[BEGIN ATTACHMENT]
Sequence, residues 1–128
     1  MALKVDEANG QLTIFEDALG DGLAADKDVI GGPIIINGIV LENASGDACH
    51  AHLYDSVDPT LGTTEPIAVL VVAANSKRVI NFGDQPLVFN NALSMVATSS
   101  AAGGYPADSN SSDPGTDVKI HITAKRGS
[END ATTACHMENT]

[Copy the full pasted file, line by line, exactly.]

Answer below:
Sequence, residues 1–128
     1  MALKVDEANG QLTIFEDALG DGLAADKDVI GGPIIINGIV LENASGDACH
    51  AHLYDSVDPT LGTTEPIAVL VVAANSKRVI NFGDQPLVFN NALSMVATSS
   101  AAGGYPADSN SSDPGTDVKI HITAKRGS